“This brings the funding up to the same level as Mare Nostrum,” said Juncker.
Eu officials were also “pleasantly surprised” by the pledges from member states of manpower, money and vessels.
British Prime Minister David Cameron promised when he arrived at the summit that the UK would send its Royal Navy flagship, three helicopters and two rescue boats, and later on added that the UK will send 30 experts.
French President François Hollande and Chancellor Merkel also said they would send vessels for rescue operations.
France will send three experts, and one surveillance plane will be operating for 15 days in May. Later this year, another surveillance plane and a patrol boat will be added.
Germany will send ten ships, one naval vessel and asylum experts.
But other countries, including Italy, Greece, Croatia, Cyprus, Spain, Slovenia, Romania, Austria, Bulgaria, Estonia, Malta, Slovakia and the Netherlands made no additional pledges.
At the end of the summit, an EU diplomat said that it was still unclear whether the member states that would make an extra effort by sending ships independently would somehow get a reimbursement.
But an EU official said that in return for his pledges, Cameron would expect that the UK would not have to open its borders for more migrants and pointed to the fact that the UK is one of the largest aid donors in the EU.
The summit conclusions said the EU would strengthen its presence at sea, fight traffickers, including destroying boats before they are used, and work to prevent illegal immigration flows.
A planned tripling of finances towards Triton will not address the reality of the search and rescue needs in the Mediterranean unless the operational area is extended to the high seas where most of the deaths occur, Amnesty International said.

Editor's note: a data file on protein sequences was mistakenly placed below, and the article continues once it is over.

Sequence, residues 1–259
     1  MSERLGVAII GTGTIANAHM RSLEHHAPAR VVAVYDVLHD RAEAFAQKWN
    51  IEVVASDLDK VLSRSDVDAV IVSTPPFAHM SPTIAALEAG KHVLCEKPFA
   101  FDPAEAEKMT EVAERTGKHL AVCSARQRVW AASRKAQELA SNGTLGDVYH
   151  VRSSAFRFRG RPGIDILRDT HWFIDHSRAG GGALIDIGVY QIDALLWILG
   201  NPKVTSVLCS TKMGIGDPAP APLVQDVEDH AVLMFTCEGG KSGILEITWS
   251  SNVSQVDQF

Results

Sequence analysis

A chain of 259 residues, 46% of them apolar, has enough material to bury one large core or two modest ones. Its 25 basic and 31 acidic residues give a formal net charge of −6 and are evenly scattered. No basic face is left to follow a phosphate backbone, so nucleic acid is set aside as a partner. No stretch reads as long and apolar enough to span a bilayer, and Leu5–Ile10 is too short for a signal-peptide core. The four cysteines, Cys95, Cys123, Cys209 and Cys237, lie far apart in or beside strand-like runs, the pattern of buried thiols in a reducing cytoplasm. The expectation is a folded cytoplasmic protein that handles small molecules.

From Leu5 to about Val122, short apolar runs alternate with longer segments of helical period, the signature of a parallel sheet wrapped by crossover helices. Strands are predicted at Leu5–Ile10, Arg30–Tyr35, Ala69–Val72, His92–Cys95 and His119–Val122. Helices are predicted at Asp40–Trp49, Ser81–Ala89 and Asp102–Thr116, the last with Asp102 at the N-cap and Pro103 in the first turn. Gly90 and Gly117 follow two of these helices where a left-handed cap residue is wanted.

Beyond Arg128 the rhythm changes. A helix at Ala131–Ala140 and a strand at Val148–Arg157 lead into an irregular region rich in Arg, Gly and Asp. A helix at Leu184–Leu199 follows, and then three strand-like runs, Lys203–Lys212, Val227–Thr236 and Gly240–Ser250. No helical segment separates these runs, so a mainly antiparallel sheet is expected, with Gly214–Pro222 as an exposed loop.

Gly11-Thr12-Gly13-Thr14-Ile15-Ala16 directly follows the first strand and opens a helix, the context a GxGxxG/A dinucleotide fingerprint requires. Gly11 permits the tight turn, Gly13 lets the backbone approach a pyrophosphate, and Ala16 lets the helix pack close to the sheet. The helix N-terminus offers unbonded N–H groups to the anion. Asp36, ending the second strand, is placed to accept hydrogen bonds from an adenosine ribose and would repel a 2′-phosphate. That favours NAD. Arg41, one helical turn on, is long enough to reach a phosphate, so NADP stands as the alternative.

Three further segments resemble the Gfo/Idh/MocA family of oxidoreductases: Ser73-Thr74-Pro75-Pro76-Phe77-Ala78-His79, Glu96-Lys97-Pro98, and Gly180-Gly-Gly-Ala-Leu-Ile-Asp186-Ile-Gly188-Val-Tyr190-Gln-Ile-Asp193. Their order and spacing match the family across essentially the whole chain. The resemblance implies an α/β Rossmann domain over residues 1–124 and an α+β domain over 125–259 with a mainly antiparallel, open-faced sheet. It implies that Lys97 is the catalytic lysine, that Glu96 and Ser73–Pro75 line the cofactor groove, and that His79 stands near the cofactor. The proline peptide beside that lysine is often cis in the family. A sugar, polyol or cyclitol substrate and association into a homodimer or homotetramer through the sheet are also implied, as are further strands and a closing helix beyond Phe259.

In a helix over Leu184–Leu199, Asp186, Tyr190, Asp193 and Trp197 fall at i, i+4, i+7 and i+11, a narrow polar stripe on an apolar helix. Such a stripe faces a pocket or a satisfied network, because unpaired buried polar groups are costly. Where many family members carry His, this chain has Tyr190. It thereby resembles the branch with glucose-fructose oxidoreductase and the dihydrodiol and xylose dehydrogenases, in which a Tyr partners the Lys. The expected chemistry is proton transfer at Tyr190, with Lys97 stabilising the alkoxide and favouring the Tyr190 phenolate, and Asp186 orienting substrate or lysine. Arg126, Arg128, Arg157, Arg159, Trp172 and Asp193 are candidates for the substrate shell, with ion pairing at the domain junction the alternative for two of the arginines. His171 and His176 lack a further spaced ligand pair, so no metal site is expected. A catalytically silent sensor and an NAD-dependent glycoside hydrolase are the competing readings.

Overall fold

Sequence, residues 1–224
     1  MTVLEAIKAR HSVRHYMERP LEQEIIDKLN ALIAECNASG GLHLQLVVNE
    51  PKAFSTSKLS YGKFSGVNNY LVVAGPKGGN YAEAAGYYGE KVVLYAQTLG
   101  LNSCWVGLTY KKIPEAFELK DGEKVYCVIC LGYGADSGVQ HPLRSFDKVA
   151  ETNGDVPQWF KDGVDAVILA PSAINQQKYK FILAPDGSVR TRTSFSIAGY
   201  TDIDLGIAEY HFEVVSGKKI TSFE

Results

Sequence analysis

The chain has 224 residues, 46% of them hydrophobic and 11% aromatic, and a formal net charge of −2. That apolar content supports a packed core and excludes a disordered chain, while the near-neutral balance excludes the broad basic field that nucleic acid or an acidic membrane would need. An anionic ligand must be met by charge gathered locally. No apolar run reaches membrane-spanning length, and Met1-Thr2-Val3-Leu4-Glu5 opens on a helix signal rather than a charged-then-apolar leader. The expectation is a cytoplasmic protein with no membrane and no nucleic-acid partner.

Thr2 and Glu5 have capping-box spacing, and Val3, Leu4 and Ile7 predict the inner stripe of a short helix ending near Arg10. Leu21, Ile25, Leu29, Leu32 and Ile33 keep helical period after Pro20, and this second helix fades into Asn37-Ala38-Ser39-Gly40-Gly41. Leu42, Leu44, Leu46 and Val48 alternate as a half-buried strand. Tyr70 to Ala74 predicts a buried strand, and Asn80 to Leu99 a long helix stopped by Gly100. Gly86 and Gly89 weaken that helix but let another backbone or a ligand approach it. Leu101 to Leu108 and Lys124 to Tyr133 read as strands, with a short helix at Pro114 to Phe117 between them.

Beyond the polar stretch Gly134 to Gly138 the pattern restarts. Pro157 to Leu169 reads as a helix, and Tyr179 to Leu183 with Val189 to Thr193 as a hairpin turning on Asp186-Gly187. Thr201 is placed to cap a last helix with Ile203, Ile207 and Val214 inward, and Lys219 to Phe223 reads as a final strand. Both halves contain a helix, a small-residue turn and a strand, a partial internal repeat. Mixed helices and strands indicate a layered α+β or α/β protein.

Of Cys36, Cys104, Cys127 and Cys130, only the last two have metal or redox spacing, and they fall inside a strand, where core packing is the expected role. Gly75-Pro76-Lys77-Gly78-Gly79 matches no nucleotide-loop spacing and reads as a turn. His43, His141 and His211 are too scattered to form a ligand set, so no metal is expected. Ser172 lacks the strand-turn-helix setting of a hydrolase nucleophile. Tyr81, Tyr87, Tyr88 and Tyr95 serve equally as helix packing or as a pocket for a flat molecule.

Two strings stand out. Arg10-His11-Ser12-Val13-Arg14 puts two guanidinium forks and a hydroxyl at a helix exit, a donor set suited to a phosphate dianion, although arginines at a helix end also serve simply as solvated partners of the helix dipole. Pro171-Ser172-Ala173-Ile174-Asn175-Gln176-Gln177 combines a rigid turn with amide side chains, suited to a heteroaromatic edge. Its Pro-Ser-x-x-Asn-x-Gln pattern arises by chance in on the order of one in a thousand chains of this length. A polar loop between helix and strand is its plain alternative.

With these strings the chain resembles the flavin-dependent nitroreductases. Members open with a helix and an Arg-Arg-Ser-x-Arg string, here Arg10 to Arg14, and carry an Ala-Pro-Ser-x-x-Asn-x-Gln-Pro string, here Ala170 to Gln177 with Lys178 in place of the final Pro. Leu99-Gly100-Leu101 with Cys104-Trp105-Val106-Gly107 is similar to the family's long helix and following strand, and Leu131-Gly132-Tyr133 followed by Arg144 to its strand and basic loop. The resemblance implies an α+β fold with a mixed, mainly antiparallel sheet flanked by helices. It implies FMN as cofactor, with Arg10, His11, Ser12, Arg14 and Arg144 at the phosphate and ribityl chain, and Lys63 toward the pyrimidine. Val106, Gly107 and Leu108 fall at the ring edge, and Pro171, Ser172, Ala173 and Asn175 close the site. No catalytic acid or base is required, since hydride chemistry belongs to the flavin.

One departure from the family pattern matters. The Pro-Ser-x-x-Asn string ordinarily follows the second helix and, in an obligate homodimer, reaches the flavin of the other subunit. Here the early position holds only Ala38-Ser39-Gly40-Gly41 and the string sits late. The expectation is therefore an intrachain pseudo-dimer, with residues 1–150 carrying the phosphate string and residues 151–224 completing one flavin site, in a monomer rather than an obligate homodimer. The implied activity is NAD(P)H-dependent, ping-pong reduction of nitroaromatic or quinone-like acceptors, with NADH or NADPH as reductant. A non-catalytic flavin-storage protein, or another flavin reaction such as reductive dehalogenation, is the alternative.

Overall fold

“Having ships in the Mediterranean only matters if they are in the right place as the deadly shortcomings of Operation Triton have demonstrated. Unless they go the full mile, migrants and refugees will continue to drown,” said Iverna McGowan acting director of Amnesty International’s European Institutions Office in Brussels.
“If Triton’s mandate can’t be changed, then Triton is not the solution, however many resources one gives it. Real solutions could have been agreed today. No one should be fooled. They haven’t been.”
Since 1999, the EU has worked to create a Common European Asylum System and improve the current legislative framework.
New EU rules have now been agreed, setting out common high standards and stronger cooperation, to ensure that asylum seekers are treated equally in an open and fair system – wherever they apply.
But member states rejected the Commission's proposal that asylum seekers from the countries mostly affected from the arrival of migrants should be relocated in other EU countries.
The number of migrants entering the European Union illegally in 2014 almost tripled to 276,000, according to EU border control agency Frontex, nearly 220,000 of them arriving via the often dangerous Mediterranean crossing.
The chaotic situation in Libya has sparked a rise in migrant boats setting out for Europe from its unpoliced ports carrying refugees fleeing conflict and poverty in the Middle East and Africa.
In 2013, Italy’s previous government initiated the search-and-rescue operation "Mare Nostrum" or "Our Sea" after hundreds drowned in an incident off the coast of Lampedusa.
But Italy scaled back the mission after failing to persuade its European partners to help meet its operating costs of €9 million a month amid divisions over whether the mission was unintentionally encouraging migrants to attempt the crossing.
That made way for the European Union's border control mission, Triton. However Triton, which has a much smaller budget and narrower remit, has been criticised by humanitarian groups and Italy as inadequate to tackle the scale of the problem.
- EURACTIV France: Le Conseil européen rejette les conseils de Juncker sur l'immigration
- EURACTIV Poland: UE b?dzie walczy? z nielegaln? migracj?